People in your Neighborhood
Kids are alienated from their local communities. They spend their time in school, so don't know what it's like to be an adult. Much of what they understand comes filtered through the media.
Schools can be focal points for bringing together a community. They can be places where a judge shows how to judge, and a manager shows how to manage, and a welder shows how to weld, and a barista shows how to bariste, and a congresswoman shows how to congress.
Typically, however, schools don't pull community in so much as shut it out.
We can solve this.
Our basic plan:
On a regular basis, we invite in a community member willing to answer student questions about their job, their religion, their life philosophy, or just their experiences.
We help students prepare questions, which they will have the responsibility of asking.
We develop traditions to set the guest at ease, and help them have a wonderful time: we're advertising the school to them as much as they're advertising their lives to us!
We encourage an "ask me anything" atmosphere of question-asking, but at the same time train kids to be respectful.
Through this, we hope to:
Expand possibilities — in professions, in philosophy, in religion, in life choices.
Limit possibilities! (If we hear a student say, "Oh, I don't want to be a dentist/lawyer/teacher after all," we'll have done real good in the world.)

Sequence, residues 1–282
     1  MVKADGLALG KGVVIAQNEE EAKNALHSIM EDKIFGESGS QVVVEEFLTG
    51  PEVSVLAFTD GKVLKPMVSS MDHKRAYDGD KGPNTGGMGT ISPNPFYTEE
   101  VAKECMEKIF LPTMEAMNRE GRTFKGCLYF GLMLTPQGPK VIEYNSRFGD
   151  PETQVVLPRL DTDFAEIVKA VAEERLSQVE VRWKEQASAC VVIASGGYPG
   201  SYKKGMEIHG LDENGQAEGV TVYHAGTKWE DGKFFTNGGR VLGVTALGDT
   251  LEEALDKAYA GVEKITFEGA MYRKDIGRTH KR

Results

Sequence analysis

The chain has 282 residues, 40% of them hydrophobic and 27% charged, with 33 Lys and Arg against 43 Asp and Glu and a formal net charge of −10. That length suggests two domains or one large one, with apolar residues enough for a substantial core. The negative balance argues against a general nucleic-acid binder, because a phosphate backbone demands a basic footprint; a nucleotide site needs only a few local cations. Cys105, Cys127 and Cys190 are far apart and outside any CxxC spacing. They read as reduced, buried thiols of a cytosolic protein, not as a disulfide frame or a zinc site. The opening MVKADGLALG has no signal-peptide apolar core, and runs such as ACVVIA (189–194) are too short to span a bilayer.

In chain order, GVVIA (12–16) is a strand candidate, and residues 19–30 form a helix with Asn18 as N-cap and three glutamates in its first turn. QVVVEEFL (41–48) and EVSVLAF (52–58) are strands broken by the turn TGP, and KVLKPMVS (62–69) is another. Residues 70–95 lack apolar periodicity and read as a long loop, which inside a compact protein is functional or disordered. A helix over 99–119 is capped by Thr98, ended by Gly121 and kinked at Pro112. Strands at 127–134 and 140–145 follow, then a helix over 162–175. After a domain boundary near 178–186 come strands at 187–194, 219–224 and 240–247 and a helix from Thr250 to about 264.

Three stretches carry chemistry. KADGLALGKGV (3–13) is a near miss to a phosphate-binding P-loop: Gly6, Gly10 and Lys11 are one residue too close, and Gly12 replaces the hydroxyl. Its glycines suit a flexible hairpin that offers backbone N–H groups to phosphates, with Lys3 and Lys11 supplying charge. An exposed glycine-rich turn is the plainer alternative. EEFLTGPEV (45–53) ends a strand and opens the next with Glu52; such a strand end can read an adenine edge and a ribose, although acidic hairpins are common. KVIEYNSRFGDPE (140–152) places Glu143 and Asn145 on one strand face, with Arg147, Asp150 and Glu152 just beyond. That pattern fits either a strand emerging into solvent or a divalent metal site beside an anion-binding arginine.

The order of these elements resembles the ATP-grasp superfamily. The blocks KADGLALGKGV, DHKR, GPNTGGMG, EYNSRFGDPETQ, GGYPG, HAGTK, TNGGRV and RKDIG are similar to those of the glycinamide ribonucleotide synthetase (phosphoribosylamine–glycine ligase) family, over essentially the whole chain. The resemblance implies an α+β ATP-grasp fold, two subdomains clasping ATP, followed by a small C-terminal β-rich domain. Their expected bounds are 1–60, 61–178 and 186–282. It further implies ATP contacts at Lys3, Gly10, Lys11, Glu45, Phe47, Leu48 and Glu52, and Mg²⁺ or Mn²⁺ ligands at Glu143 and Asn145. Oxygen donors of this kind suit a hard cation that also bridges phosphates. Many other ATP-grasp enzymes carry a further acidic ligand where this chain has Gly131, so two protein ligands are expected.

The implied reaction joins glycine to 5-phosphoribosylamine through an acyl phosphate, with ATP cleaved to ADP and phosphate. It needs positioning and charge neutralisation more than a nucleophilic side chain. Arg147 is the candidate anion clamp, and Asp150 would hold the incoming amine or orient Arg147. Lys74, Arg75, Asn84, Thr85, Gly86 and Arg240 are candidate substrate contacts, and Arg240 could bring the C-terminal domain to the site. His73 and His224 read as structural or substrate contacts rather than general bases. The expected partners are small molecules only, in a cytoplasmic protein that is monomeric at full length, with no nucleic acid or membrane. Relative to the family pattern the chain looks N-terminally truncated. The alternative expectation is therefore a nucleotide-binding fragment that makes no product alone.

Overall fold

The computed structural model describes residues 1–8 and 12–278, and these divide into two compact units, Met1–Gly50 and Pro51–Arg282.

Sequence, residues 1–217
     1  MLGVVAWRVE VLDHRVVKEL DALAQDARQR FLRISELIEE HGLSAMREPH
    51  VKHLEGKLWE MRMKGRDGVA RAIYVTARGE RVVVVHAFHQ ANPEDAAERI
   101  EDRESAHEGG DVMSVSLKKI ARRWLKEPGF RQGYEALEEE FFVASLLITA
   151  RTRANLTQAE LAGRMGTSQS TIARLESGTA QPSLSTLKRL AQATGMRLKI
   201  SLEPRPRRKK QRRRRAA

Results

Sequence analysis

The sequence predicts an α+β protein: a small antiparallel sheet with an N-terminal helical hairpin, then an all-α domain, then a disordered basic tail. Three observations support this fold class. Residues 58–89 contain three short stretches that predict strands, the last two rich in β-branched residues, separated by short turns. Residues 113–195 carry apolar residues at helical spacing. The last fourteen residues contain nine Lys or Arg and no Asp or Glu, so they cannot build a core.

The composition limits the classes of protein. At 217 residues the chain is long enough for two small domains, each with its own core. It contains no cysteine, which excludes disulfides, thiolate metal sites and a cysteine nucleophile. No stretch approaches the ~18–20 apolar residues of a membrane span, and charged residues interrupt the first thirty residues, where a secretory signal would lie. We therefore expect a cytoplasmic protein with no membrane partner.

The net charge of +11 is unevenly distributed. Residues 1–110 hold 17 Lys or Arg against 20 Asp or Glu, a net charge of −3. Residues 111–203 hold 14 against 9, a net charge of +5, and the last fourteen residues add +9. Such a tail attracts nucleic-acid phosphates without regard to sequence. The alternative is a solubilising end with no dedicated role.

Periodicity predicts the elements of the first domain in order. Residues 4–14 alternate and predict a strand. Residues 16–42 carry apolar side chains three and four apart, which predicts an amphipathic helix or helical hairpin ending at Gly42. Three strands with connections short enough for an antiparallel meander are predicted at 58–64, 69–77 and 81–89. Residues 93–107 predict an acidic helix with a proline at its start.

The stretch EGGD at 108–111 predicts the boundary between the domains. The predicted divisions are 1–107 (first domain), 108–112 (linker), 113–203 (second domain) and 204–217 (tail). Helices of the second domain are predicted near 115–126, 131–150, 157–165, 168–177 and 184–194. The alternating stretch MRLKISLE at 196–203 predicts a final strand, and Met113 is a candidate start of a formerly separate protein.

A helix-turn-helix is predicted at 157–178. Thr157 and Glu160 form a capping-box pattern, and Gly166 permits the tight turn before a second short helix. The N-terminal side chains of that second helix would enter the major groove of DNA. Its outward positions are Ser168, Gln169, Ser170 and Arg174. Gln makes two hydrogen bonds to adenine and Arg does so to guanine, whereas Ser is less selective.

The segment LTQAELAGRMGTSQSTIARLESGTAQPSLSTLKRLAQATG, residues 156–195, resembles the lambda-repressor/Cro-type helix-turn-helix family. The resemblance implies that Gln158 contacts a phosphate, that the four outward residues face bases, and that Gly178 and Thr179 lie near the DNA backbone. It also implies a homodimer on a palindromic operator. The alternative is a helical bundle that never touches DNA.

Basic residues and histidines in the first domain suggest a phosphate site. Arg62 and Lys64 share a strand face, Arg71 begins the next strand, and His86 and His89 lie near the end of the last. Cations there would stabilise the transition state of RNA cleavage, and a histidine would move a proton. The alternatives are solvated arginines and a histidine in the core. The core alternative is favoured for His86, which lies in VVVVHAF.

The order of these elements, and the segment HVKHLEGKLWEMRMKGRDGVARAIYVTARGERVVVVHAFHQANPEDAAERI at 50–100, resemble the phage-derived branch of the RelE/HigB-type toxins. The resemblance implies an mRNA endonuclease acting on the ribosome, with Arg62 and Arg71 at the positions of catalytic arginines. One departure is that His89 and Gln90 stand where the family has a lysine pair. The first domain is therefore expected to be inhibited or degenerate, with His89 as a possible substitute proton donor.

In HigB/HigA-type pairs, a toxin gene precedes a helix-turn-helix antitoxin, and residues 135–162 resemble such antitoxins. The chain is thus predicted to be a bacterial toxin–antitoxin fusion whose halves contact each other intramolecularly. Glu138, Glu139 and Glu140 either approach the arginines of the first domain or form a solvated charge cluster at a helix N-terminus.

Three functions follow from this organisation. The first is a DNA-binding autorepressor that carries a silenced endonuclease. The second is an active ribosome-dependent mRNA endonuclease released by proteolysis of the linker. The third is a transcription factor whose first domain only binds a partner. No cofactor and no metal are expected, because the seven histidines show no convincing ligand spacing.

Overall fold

Multiply weak ties — that is, the connections students have with people who are outside their own groups. (It's been demonstrated that students who have few weak ties have more difficulties in moving up in socio-economic status.)
Have a lot of fun. People are interesting! We're vectors of interest — much more so than the textbooks some schools center on.
If you walk into our classrooms, you might see:
Our students asking meaningful questions to a guest — say, a bailiff, or a baker, or a banker, or a bartender, or a bassoonist, or a biologist, or a bishop, or a boatmaker, or a bodyguard, or a bookkeeper, or a bouncer, or a bricklayer, or a businesswoman. (Thanks to wikidot for help with that list!)
Some specific questions:
How do we set guests at ease? We shouldn't, for example, have the guest stand at the front of the room to be stared at. Nor should we make them begin the discussion (unless they want to). I presume we should tell them what to expect before they come, and then once they show up, help kids meet them at the door, and introduce them to a few others students in the class. Maybe we should give them a fancy "guest strawberry lemonade"! (The kids could make it. It could be delicious!)
At what stage can we get students to do the inviting? This is a great chance for students to practice the art of writing great e-mails (so, so hard!), and learning to work with adults. Really, the more we can train the kids to be in charge of this, the better!
How can we connect these visits to the rest of our curriculum?
Should we create a long list of potential community members who'd be willing to stop by? Anything to make this easier would be great. We might also want to have a very regular schedule (say, every other Thursday, at 2pm) so very busy community members could plan their visit months in advance.
How often? Every week? Every other week?